Today, we are celebrating the 93rd Anniversary of it here in the Hartford Capitol of Connecticut, far from the homeland. At the same time, we’ve reached a better understanding and greater appreciation on the global scale based on what Atatürk had provided to all the citizens of Turkey during his life-time on a “golden tray”.
Unfortunately, Turkey has been pushed more and more towards conflicts and destabilization instead of focusing on human and national development, starting with the Adnan Menderes Era (1950-1960) and on, and in particular, during the last decade.
On the other hand, Turkey, still certainly can and will eliminate all forms of worsened situation, existing and sustained conflicts over several decades and polarization of peoples of Turkey towards a more sustainable human, diverse and equal economic and social development stage.

This will be only possible by owning the country’s initial founding principles and human development agenda in all levels again. The required related politic will and determination put the country back on the right track again, which was  already granted, implemented and provided to all the citizens of Turkey. The Republic of Turkey and the Turkish people at large cannot afford to move away from its initial founding principles and it is obliged to own and advance it to a much higher and wider level of human development and sustainability agenda. 

We can only then talk about the national, regional and global security and peace and sustainability, which is not the case today…

In conclusion, it is our responsibility to raise what we’ve been granted by Atatürk since the formation of Republic of Turkey to all citizens of the country to the global level and make the connection between his human development agenda of the 1920s and 1930s and the United Nations’ Global Goals visible.
With that, I would like to propose you all the following:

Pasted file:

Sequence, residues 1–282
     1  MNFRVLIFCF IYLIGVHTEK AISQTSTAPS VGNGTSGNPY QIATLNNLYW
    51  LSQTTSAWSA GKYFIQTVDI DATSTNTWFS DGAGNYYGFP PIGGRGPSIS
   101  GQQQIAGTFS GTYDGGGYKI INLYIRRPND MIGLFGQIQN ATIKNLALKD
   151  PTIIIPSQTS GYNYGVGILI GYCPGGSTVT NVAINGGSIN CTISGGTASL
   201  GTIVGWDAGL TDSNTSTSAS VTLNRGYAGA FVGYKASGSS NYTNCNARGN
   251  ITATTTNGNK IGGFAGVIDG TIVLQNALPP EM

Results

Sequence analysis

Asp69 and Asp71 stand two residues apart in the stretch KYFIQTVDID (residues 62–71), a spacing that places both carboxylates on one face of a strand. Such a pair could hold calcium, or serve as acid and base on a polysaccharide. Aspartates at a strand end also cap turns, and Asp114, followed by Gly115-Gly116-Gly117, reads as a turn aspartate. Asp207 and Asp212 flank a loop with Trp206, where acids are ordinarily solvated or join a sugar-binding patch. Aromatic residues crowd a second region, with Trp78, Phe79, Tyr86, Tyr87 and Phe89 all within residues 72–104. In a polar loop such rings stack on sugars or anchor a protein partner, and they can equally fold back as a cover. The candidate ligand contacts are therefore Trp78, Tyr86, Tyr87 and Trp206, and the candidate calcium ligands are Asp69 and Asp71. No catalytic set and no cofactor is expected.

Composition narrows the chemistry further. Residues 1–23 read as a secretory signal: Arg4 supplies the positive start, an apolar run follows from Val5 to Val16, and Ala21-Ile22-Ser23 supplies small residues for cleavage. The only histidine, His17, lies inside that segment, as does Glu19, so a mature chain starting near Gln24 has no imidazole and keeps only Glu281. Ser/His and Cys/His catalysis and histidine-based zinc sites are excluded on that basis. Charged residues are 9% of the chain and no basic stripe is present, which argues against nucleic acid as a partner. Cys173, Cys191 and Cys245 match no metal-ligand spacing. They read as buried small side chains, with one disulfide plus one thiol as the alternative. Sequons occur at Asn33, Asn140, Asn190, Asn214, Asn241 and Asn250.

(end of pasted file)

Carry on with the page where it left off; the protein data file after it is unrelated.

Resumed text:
1)  In collaborative efforts, to celebrate the 95th Anniversary of the Republic of Turkey at the United Nations;
2)  To jointly organize an international conference in collaboration with a university on the “GLOBAL GOALS AND ATATÜRK” or “SUSTAINABLE DEVELOPMENT GOALS AND ATATÜRK”.

Thank you very much for your attention and consideration…
And, once again, thank you to the organizers.

– . –


SNETACA Turkish Republic and Flag Day at Hartford Capitol, Programme Cover SNETACA, Turkish Republic and Flag Day PROGRAMME at Hartford Capitol, CT

Special Thanks to: Goknur McAVOY
DISCLOSURE: During the actual speech on October 28, 2016, several key REFORMS OF ATATÜRK and “Turkish National Holidays” were also referred, and briefly illustrated in correlation with many UNITED NATIONS RESOLUTIONS such as Universal Education, Universal Children Day, Youth Day, Sport for Development and Peace, Girl Child Day, Gender Equality, Right to Vote-and-Be-Elected, Right to Development, and more… 

1)   Changing the World: From Atatürk’s ‘Six Arrow’s to the ‘Eight Millennium Development Goals’ by Stephen Kinzer
2)   Pioneer of the Millennium Development Goals: Atatürk (April 19-20, 2013)
Final Report
Full Presentations and Videos of the Inaugural Session (April 19, 2013)
3)  “UNESCO - Records of the General Conference_Twentieth Session Paris, 24 October to 28 November 1978 - Volume I Resolutions 3/1.5 & 2.3/4 | PAGE 68”
4)   The UNESCO – Courier – December 1963:
“Atatürk and the Emancipation of Women” by Afet Afetinan (page 20)
5)  The UNESCO – Courier – November 1981 – Dedication issue to ATATÜRK’s 100th Birth Anniversary:
5.1. The birth of a modern nation_amid the ruins of the Ottoman Empire by Bülent Tanör
5 2. The Sultan silenced by the voice of the people by Cetin Altan
5 3. In the avant-garde of literature,_a new generation of Turkish women by Guzin Dino
6)   The 2000 United Nations Millennium Development Goals
7)   The 2015 United Nations Global Goals
8)   United Nations Development Programme – Human Development Report 2015
9)   The 2000 United Nations Millennium Declaration (55/2)

version of this keynote speech.